Philips office building in Warsaw, Poland on July 29, 2021. (Photo by Beata Zawrzel/NurPhoto via Getty Images)
Nurphoto | Nurphoto | Getty Images
Dutch health technology company Philips said on Monday it would scrap 6,000 jobs to restore its profitability following a recall of respiratory devices that knocked off 70% of its market value.
Half of the job cuts will be made this year, the company said, adding that the other half will be realized by 2025.
New Chief Executive Officer Roy Jakobs told CNBC’s “Squawk Box Europe” on Monday it was a “necessary intervention to help us to become competitive and lean in the way we go forward in the market.”
“We have been working very hard to refocus on health technology, and we have now built a very strong portfolio there where we have 70% of number one or two positions,” he also told CNBC.
“But we have not been extracting the value out of those segments because we did not execute well. So the strategy I present today is very much focused on organic growth, focusing on the portfolio that we have and getting the most out of them.”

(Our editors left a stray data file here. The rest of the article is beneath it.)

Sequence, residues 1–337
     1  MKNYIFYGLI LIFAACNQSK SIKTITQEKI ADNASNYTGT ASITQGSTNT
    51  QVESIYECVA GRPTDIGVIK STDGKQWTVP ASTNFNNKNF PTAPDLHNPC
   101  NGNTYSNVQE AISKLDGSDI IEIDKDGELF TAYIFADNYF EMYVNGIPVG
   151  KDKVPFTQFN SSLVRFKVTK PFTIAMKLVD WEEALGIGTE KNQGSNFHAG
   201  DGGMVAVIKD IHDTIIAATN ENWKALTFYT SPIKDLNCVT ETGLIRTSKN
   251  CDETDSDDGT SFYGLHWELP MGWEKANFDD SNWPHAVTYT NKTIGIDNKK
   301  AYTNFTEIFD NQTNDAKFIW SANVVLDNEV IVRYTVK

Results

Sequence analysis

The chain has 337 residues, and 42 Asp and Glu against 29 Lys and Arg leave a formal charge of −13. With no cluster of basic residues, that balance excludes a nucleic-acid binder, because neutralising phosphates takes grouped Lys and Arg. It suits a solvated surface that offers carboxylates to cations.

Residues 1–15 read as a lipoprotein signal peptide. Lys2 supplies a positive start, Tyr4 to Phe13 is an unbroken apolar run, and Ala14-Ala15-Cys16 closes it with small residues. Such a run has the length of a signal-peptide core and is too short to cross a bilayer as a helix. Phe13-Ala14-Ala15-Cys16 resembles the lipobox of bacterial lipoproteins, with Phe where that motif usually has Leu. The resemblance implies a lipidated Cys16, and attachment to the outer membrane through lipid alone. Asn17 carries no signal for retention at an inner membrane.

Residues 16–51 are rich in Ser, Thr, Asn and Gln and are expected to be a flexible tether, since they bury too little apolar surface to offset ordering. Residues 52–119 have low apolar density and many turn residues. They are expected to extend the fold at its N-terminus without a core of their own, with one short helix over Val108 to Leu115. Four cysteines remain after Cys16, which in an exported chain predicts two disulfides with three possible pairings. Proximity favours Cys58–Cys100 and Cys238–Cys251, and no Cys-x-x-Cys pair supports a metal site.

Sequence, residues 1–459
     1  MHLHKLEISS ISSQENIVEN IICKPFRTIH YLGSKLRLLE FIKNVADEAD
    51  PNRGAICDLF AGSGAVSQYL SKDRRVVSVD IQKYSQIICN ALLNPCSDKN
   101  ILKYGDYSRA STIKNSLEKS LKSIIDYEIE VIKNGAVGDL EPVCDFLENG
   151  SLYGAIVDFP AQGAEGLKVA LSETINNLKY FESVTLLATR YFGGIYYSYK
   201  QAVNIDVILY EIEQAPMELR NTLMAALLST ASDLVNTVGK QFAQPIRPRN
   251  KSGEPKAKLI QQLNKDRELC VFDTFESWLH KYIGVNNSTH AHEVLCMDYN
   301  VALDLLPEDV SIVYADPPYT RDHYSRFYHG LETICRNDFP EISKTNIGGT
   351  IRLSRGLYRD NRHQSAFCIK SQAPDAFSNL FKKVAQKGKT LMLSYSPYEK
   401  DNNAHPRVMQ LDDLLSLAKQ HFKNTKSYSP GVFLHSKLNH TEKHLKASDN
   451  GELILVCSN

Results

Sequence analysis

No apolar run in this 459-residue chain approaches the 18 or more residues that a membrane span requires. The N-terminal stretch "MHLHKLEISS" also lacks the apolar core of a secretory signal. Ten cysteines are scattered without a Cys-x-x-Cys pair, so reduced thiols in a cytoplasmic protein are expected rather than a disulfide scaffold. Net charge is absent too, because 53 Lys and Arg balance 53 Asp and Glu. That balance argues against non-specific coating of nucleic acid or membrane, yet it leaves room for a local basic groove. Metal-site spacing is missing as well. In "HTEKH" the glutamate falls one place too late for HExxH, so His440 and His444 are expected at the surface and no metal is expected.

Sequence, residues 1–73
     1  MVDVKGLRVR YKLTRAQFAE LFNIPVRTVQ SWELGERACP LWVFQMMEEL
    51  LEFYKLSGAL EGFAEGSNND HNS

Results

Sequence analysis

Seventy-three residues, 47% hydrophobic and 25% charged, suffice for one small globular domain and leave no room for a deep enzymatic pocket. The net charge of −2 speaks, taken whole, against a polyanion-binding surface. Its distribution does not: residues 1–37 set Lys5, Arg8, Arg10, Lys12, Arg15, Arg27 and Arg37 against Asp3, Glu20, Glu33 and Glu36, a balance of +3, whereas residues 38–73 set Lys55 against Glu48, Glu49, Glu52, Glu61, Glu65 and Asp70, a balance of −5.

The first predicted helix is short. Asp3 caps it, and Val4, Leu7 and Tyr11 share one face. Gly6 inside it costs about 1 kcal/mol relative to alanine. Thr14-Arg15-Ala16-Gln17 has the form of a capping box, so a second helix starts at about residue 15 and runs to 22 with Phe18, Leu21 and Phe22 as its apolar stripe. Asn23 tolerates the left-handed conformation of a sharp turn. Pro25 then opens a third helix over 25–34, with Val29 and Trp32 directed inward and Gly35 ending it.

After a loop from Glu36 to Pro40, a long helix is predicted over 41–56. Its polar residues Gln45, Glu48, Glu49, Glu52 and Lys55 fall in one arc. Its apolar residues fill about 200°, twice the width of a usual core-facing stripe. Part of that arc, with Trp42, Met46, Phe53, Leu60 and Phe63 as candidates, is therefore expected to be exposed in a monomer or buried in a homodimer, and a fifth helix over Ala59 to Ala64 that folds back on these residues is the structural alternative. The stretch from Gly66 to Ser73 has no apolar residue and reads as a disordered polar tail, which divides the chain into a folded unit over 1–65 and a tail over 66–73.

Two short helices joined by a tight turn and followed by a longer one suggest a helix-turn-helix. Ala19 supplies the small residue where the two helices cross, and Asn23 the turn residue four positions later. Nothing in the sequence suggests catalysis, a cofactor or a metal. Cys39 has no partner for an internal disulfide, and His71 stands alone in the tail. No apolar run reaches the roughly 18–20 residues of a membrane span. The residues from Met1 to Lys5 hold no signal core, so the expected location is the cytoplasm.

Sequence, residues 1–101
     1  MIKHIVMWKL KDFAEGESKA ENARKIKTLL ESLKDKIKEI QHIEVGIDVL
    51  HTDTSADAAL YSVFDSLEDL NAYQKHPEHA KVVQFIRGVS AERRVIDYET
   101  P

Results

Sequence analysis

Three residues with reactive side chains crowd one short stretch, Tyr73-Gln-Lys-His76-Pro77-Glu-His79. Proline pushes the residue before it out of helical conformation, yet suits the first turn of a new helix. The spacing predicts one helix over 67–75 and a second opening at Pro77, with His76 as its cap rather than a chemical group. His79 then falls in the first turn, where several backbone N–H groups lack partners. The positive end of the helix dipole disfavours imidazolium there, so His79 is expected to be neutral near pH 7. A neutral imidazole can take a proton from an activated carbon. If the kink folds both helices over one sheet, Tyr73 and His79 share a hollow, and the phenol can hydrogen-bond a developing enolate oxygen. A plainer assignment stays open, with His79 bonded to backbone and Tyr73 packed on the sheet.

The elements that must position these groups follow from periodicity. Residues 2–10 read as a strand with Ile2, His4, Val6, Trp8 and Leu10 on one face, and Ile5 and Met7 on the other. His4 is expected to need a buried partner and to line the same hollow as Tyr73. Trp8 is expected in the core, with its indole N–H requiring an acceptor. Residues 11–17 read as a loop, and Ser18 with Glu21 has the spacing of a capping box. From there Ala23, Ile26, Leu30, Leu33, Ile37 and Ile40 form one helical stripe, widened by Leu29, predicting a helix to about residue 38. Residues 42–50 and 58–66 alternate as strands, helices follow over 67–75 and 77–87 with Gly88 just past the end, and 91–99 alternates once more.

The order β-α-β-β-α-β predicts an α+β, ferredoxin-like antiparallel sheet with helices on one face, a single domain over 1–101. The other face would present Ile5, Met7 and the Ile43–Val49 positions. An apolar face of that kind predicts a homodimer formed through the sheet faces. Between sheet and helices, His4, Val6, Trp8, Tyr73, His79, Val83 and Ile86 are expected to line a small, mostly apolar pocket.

The new reorganization comes on top of a plan announced last October to reduce its workforce by 5%, or 4,000 jobs, as it grapples with the fallout from the recall of millions of ventilators used to treat sleep apnoea over worries that foam used in the machines could become toxic.
Philips share price one-year chart.
The reduced workforce should lead to a low-teens profit margin (adjusted EBITA) by 2025, and a mid-to-high-teens margin beyond that year, with mid-single-digit comparable sales growth throughout.
The simplified organization should also improve patient safety and quality and supply chain reliability, Jakobs added.
China’s reopening will potentially increase product demand in 2023, Jakobs told CNBC, although the company is still facing challenges in the market due to factors like employee sickness and hospitals being too overwhelmed to install its equipment.
Amsterdam-based Philips also reported fourth-quarter adjusted earnings before interest, taxes and amortization (EBITA) of 651 million euros ($707.18 million), nearly stable from 647 million euros a year before.
Analysts in a company-compiled poll on average had predicted core profit would drop to 428 million euros.
—CNBC’s Jenni Reid contributed to this story.